Rep. Robin Hayes (R., N.C.), reacting to a report that revealed U.S. Border Patrol uniforms are being made in Mexico, vowed to reintroduce legislation that would require the agency to purchase apparel deemed "sensitive to national security" from...
WASHINGTON — Rep. Robin Hayes (R., N.C.), reacting to a report that revealed U.S. Border Patrol uniforms are being made in Mexico, vowed to reintroduce legislation that would require the agency to purchase apparel deemed "sensitive to national security" from domestic manufacturers.
U.S. Customs and Border Protection confirmed that some shirts and pants worn by agents and inspectors are being made in Mexico. The uniforms are supplied by Nashville-based VF Solutions, a subdivision of VF Corp., which subcontracts its work to plants in the U.S. and Mexico, the Associated Press disclosed.
In a statement VF said, "VF Solutions is proud to serve and outfit our U.S. Border Patrol. VF is in full compliance with all aspects of our contractual agreement with U.S. Customs & Border Protection to provide uniforms for its agents and officers. As a policy, VF does not comment on the business practices of any of its customers."
Customs & Border Patrol issued a statement maintaining it has strict security procedures in place in the U.S. and Mexico, which include audits and unannounced spot checks at facilities where it contracts business.
In a letter to Homeland Security Secretary Michael Chertoff, Hayes said, "I believe we need to take the necessary steps to ensure the federal government is producing sensitive goods, such as U.S. Border Patrol uniforms, in the United States to help alleviate this security risk," referring to concerns over the uniforms made in Mexico falling into the wrong hands.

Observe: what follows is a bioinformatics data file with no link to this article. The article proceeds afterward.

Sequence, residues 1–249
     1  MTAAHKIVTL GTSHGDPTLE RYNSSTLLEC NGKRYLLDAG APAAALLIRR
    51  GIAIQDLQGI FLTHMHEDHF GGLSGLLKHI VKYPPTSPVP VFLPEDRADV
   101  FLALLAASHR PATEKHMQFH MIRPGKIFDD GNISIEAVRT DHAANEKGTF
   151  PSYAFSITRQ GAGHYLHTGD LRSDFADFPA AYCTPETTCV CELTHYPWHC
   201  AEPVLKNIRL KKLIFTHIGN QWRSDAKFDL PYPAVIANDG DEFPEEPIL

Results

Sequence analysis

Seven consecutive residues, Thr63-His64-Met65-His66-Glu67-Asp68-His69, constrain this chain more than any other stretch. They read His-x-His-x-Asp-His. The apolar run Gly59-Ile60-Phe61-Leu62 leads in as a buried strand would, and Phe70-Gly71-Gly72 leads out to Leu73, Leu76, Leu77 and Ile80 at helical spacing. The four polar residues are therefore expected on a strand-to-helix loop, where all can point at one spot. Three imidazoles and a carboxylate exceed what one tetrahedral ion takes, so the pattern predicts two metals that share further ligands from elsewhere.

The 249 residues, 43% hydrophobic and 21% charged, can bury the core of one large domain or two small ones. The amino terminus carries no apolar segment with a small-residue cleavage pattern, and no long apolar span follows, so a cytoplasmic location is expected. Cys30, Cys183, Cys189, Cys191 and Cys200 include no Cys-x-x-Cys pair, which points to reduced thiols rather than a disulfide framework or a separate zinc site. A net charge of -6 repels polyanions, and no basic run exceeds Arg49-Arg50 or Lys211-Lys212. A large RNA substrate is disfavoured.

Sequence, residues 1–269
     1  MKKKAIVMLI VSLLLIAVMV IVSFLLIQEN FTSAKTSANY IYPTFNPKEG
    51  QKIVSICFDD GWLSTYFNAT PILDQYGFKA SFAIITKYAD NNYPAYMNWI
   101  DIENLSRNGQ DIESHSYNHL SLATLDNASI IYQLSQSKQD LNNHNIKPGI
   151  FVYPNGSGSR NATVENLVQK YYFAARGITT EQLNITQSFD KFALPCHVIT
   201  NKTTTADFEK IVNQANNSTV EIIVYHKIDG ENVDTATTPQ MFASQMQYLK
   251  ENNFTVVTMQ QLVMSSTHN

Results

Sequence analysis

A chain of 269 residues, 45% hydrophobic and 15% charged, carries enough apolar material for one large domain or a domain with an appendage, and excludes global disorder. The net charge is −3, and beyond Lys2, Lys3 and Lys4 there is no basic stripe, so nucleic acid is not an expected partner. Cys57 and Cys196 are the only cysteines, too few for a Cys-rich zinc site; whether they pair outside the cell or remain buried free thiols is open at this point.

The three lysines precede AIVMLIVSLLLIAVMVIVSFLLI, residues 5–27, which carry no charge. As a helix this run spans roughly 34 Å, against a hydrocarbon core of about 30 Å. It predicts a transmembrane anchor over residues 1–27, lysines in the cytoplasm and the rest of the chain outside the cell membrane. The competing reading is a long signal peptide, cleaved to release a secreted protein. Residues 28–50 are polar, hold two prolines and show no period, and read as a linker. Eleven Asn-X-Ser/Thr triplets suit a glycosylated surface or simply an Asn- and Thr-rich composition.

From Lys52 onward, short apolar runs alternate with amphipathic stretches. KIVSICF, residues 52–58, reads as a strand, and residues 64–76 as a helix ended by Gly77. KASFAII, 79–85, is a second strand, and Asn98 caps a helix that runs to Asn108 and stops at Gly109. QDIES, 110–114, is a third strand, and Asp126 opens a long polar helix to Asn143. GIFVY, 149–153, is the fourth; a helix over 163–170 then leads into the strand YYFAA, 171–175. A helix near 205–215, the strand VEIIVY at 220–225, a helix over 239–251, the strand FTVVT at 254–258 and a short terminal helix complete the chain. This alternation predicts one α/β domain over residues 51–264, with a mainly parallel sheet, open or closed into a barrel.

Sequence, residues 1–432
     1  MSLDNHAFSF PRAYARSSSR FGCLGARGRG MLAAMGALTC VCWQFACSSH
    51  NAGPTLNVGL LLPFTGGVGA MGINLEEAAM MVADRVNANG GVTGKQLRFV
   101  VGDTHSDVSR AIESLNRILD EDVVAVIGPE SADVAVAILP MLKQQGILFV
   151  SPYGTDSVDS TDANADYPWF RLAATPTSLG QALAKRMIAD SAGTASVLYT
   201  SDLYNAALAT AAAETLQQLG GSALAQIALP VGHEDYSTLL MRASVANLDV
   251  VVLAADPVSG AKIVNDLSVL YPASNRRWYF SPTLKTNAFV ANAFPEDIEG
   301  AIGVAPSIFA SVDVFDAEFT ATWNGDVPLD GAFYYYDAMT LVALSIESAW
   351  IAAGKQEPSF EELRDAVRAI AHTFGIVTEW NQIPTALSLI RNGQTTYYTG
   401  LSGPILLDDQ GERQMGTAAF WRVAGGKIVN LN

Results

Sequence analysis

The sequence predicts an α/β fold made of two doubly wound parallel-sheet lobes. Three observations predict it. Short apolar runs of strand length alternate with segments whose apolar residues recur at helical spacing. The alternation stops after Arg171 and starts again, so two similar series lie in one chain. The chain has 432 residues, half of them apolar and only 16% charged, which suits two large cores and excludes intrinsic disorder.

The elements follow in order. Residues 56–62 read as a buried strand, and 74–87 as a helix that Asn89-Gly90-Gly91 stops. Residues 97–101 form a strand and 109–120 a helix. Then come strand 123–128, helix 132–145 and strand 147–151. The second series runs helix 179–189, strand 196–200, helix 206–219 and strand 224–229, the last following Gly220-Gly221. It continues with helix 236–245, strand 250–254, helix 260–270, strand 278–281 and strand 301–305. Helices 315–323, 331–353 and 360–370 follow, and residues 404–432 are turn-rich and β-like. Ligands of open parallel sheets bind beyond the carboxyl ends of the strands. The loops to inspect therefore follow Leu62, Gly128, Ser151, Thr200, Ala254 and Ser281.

Hayes asked Chertoff to identify other uniforms that are made outside of the U.S. and said he would be introducing legislation soon to address the issue. The congressman has been a staunch supporter of the Berry amendment, which requires the Department of Defense to give preference to domestically produced and manufactured products.
Under that amendment, the so-called "Buy American" rules are strict when it comes to procuring apparel and textiles for uniforms. Hayes said his legislation would require applying the Berry amendment guidelines to Homeland Security procurement.
The amendment provides a significant amount of business for the beleaguered U.S. apparel and textile industry.
"It is becoming an increasingly important component of the business," said Auggie Tantillo, executive director of the American Manufacturing Trade Action Coalition. "We strongly support Congressman Hayes' effort to get some accountability on this issue. All national security agencies should have strong 'Buy American' requirements."
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